Raise your hand if you have roughly 4857392 t-shirts that you love, but don’t wear anymore! Doesn’t everyone graduate from college with so many shirts? Teams, athletic events, sorority parties, beach weekends, concerts. The list goes on forever.
You just can’t bear to part with them because MEMORIES PEOPLE, but most of our post-grad lives involve a whole lot less t-shirt wearing. So they languish in your drawer. But it drives the organizational side of me crazy. And at some point your drawer explodes every time you try to open it.
Enter: the t-shirt blanket.
Since I discovered the joy of the t-shirt blanket, I’ve made three. The high school t-shirt blanket covers a twin bed, the one where I purged my husband’s shirt collection made an oversized queen blanket, and the one shown in these photos is a throw blanket for the couch.
This project is not for the faint of heart. It takes time: I would spend several hours every weekend or so on it, and it probably took me 6 weekends of that to complete it.
This is a step down from a full-on quilt. A friend of mine had a legit t-shirt quilt made for her son and it cost hundreds of dollars. My t-shirt blanket uses fleece and isn’t quilted. It’s not quite as warm but it’s great for a spring and fall blanket or a throw for the couch.
- t-shirts! (see below for numbers)
- Craft cutting mat, straight edge (12.5″ quilter’s square ruler or acrylic ruler) and rotary cutter
- chalk or sewing chalk
- sewing machine
- sewing basics: thread, scissors, pins
- fleece, or some other backing for blanket
- serger (optional)
- Decide on the size blanket to make. You can pick a traditional size or go custom. If you want standard 12 inch square blocks, you can use the dimension of the graphic below to know how many shirts you’ll need.
- Go through all your t-shirts! Go through your husband’s t-shirts! Make a big pile. You’ll use more than you think, and you sometimes use both sides or just the back. Remember, you’re still saving them for posterity, just not in your dresser drawer. I’d also advise having a “definitely use” and a “maybe use” stack, just to make sure you end up with enough blocks.
- Start cutting! The by-far-easiest way to do this is to buy or borrow a 12.5″ square quilting ruler. It makes the measuring process idiot-proof. But if you’re free handing it, use some kind of thick long ruler and chalk to mark the size block.
My mom insists that I insert the lecture here regarding how easy it is to cut yourself with a rotary cutter. It is VERY sharp. It works like a pizza cutter, but with even fewer safety features. Consider yourself warned. Rotary cutters are fantastic for all manner of crafts, sewing or otherwise.
Whatever size you want your squares to end up, cut .25″ worth of extra (seam allowance) on each side. If you want 12″ blocks, you cut out 12.5″ blocks.
If you want non-standard sizes, don’t make it too hard on yourself. I made a row of smaller blocks that had the same width, but only a height of 4″ (4.5″ with the seam allowance) to use those shirts with the smaller pocket icons.
- Once everything is cut, lay out how you want it! I do mine pretty helter-skelter, only trying to make sure there’s not two white shirts next to each other. But don’t overthink it. The best place to do this is your bed or the living the room floor: wherever they fit!
- Now for the sewing! Pick up the first row of shirts in a stack. Take the first block and flip it facedown, so the designs of the two shirts are facing each other. Make sense? This is called “right sides together.” Pin them together, then sew the appropriate edge. Aim to have a little less than 1/4 inch between the seam and the edge. If you’re lucky enough to have access to a serger, use that.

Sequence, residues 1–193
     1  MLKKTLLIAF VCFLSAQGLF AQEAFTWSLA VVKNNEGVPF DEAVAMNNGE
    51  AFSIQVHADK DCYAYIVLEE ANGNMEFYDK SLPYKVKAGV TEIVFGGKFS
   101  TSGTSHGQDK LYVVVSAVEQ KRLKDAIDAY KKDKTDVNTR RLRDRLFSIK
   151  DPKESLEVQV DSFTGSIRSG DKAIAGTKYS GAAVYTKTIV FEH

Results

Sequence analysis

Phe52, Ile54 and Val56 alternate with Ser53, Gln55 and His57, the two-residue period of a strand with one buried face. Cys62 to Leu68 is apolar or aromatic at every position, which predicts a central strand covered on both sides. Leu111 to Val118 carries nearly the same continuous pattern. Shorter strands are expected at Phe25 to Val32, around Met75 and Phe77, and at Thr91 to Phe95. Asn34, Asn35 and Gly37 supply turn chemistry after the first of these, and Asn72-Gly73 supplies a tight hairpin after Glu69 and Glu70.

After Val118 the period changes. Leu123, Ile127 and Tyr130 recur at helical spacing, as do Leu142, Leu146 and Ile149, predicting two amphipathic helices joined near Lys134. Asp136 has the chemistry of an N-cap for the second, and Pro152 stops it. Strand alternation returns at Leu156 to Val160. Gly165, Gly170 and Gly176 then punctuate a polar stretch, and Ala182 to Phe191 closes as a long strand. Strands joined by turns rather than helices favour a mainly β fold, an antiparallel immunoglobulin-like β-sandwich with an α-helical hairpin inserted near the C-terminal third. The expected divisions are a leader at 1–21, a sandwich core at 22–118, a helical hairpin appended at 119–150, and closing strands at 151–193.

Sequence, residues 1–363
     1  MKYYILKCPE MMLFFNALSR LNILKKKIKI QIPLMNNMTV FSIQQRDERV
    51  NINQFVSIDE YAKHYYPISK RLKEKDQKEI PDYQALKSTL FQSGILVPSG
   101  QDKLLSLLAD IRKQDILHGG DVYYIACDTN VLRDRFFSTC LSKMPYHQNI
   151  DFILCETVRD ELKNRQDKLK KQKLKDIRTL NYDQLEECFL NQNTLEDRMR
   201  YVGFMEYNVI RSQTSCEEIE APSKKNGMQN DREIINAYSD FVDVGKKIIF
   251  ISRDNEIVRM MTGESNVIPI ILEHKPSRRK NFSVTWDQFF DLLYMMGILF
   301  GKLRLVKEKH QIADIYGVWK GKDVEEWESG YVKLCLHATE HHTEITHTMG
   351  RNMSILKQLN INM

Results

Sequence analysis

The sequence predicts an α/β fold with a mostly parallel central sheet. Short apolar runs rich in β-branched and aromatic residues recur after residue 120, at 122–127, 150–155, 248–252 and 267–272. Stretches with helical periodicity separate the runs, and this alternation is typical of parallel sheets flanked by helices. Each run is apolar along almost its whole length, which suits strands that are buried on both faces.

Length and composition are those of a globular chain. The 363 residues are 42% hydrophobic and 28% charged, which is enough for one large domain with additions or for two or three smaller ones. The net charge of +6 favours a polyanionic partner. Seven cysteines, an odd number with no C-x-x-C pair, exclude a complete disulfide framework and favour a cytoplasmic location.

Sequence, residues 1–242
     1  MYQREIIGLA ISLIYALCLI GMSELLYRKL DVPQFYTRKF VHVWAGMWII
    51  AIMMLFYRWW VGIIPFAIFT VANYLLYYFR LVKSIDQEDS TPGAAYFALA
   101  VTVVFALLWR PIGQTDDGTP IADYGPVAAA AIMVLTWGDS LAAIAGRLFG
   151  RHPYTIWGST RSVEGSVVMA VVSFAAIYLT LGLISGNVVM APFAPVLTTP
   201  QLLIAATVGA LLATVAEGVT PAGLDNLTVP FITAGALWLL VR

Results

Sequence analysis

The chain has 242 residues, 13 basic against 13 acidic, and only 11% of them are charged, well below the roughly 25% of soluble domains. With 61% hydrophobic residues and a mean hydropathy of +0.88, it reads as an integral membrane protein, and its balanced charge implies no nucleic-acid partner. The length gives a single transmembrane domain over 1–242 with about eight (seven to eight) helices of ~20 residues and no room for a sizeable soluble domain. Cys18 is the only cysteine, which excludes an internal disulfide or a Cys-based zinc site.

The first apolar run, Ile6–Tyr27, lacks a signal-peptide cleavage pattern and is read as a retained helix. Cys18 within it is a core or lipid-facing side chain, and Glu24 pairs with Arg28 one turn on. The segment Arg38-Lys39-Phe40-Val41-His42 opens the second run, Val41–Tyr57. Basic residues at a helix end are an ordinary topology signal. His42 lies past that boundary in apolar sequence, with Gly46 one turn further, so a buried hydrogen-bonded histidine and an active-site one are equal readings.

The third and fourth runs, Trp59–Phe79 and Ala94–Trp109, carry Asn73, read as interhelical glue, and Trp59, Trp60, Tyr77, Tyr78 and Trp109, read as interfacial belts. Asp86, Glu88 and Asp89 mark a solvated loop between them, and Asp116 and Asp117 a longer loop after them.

- Once you’ve sewn the first two together, lay the front of shirt #2 on top of shirt #3, now at the top of your stack. Right sides together again. Sew those two together, creating a strip of shirts that will be your top row of the blanket. Repeat for each row until everything is sewn into strips.
- Lay out the first and second strip as you want them to be in the final blanket, then flip the first row upside down on top the second. Pin these together, then sew the two rows in the same way you just joined the individual blocks.
- Congratulations! You have the top done! Do a happy dance! You’re nearly there, and it’s way easier from here.
- Measure and cut the fleece backing. This may mean sewing two pieces of fleece together to get the desired width if you chose a queen- or king-sized blanket.
- Once the fleece and the shirts are the same size, place their right sides facing each other (just like with the shirt rows). Sew three sides together, then all but 18 inches of the fourth side.
- Use the unsewn 18 inches to turn the blanket right side out. Be gentle; you don’t want to rip the seams as you do this! To sew the last bit, turn the edges in (to match the rest of the already-sewn edges) and sew from the outside a seam along the edge, about 1/4 inch in.
- Once you’ve done that, continue to sew that 1/4 inch edge along the whole blanket. This helps the blanket retain its shape through using and washing.
- Finally, sew several bar tacks into various spots on the blanket to keep the two pieces of fabric together. Essentially, you sew tiny spots onto the fabric that holds the fleece in place against the shirts. Tacking isn’t hard: most sewing machines have a setting for it or you can do it by hand.
T-shirt blankets make perfect snuggly blanket for movie nights and we’ve gotten lots of use out them. Plus, your dresser won’t burst at the seams every time you open it!
I’d love to see your creations! Link a photo below or tag me on Instagram so I can see your t-shirt blanket!
The links above contain affiliate links, which means I get a few cents (at no extra cost to you) if you book or buy something via that link. This helps me keep costs down and posts up! All images copyright Teaspoon of Nose.